Down to the Wire: Succeeding in a Second Job Interview

Down to the Wire: Succeeding in a Second Job Interview

Taunee Besson, CMF, Senior Columnist

If you make the first job interview cut and get asked to return for another look, congratulations are in order. But it's important to remember that you're still competing with other candidates, many of whom will be just as qualified as you. While first interviews separate likely candidates from ones who simply aren't up to the job, second interviews are to evaluate personal style, feel for the job, fit with colleagues and management, and commitment to the company's philosophy.

In these discussions, interviewers are evaluating your potential to contribute to their organization. They will be concentrating their questions on what you can do for them, rather than what you've done in the past.

On the other hand, at a follow-up job interview you should be thinking about:

  • If you want the job.
  • If you will enjoy working with your manager and co-workers.
  • If the company's politics and structure will help you advance your career.

First interviews are like first dates – if you strike out, it's not a big deal. But on a second interview, now you're talking marriage and long-term commitment. No one wants to make a mistake that could lead to an unproductive marriage, or a messy divorce.

With this in mind, in order to spread the responsibility (or blame) for filling a position, companies will often schedule final interviews with a number of different people. If you started with HR, your next meeting will probably be with your potential boss. Second interviews can even be day-long conversations with multiple colleagues who'll be working with you if you're hired.

Of course, the prospect of interviewing for hours with a lineup of potential managers can be daunting, but don't forget that it doesn't have to be all for the company's benefit. By asking the right questions, you can get something out of the process, too. Try checking their answers for potential red flags. Will working with them be fun, or frustrating? Do they seem enthusiastic or depressed? Does anyone make you uncomfortable, and if so will you have to work with them on a regular basis?

If your second interview is over lunch, try to keep things relaxed and order something innocuous so your food won't interfere with the conversation – especially if you're with more than one person. Lobster in the shell is out. Ditto spaghetti and artichokes.

Cover All the Bases

Just as companies will call you back for a second interview in order to "kick the tires" and be sure you meet their needs, make sure you use the same opportunity to really get a feel for what it's like to work there. Think about the questions that are most important to you, as well as ones you think will help you gain the most information from the answers. And be honest – unlike in the first interview, when making a good impression was paramount, this is about making a long-term commitment. Saying what you think your interviewer wants to hear might work in the short-term, but you'll probably find yourself back on the job hunt in a few months.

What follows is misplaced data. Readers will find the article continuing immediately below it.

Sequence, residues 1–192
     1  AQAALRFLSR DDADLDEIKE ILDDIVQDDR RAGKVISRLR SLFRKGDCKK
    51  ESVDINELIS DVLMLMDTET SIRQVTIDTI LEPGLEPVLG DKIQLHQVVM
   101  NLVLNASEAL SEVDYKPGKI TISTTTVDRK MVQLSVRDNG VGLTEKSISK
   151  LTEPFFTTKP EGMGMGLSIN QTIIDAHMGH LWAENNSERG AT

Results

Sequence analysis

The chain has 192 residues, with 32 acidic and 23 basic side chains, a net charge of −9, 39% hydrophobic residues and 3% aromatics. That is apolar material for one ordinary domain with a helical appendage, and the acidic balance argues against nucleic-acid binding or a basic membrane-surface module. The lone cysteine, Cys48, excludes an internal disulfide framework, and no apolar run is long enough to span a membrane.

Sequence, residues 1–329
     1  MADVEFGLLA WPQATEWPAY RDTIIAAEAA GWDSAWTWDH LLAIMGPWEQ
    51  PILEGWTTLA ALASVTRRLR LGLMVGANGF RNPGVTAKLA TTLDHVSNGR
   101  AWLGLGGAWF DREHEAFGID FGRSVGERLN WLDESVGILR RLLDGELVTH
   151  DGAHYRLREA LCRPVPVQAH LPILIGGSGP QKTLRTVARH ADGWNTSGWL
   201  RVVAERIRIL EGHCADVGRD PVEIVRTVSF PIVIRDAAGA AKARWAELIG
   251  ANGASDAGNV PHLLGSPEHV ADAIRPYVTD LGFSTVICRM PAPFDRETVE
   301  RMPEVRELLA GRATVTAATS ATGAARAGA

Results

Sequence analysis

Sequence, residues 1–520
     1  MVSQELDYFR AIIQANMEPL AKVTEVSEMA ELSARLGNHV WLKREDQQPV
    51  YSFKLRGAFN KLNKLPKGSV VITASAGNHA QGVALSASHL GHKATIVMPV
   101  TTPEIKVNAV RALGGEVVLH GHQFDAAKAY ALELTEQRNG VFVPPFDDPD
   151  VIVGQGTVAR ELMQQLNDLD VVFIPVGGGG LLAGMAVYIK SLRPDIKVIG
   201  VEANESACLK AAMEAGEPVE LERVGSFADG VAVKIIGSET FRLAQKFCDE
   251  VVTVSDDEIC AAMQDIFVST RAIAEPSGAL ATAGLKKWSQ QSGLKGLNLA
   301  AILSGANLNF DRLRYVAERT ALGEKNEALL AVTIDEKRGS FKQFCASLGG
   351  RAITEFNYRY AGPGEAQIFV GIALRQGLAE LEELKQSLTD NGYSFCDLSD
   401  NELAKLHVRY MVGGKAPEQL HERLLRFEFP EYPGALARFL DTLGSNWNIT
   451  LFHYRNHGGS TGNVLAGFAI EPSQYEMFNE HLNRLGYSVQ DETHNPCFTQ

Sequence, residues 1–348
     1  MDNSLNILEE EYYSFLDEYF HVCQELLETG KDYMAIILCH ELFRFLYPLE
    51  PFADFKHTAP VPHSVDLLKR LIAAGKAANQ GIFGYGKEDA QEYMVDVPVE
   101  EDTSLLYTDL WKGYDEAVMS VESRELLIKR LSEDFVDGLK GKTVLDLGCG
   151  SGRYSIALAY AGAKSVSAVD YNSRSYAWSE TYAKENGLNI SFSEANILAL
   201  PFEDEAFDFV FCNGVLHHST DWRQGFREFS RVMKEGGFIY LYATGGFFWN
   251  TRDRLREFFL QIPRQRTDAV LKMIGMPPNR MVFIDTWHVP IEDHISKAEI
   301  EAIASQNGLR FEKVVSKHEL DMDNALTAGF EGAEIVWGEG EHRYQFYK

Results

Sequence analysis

Not sure what questions will help you get the most information? Try some of these:

  • What are the strengths of this company?
  • What are its weak points?
  • How would you describe your management style? (when talking to a potential boss)
  • Is the chain of command here formal or informal?
  • Do people typically learn about areas of the company beyond their own department, or do groups stay more separated?
  • Does the company help workers take classes or attend conventions to help workers improve their skill sets?
  • Do you anticipate a reorganization or change of command in the near future?

You might not get many straight answers, but asking these questions will help you look knowledgeable and aware of what you bring to the table. And more importantly, how your interviewer responds to these requests can say a lot about them, as well as the general attitude of the company.

Questions to Expect

In a second interview, employers will be fishing for any signs that you're not who they thought you were, and trying to pin you down to be sure you'd make a good hire. Since your interviewer may want to catch you off guard in the hope of seeing the "real you," anticipating their questions can be difficult. With that in mind, here are some potential questions you can prepare for:

  • What about this job interests you?
  • If you get this job, what would you do the first year to establish yourself?
  • Describe your management/work style.
  • What do you want from your career?
  • Give an example of your problem-solving abilities.
  • What kinds of situations/people annoy you? How do you deal with them?

As the interview is ending, be sure to find out what happens next. Will they be making a final decision, or will there be another round of interviews? How and when will the company notify you? As with the first interview, don't forget to write notes to all your interviewers, thanking them and stressing your interest in the organization. If you don't hear form them within a few weeks, don't hesitate to follow up. In today's job market, persistence pays.

Senior Columnist Taunee Besson, CMF, is president of Career
Dimensions, Inc., a consulting firm founded in 1979 that works with
individual and corporate clients in career transition, job search,
executive coaching, talent management and small business issues. She is
an award-winning columnist for and a best-selling
author of the Wall Street Journal's books on resumes and cover letters.
Her articles on a variety of career issues have appeared on numerous
career/job websites and trade and business journals. Ms. Besson has
been quoted numerous times in The Wall Street Journal, The Dallas
Morning News, Business Week, Time, Smart Money, and a number of other
websites and publications.

Career Topics
Job Interviews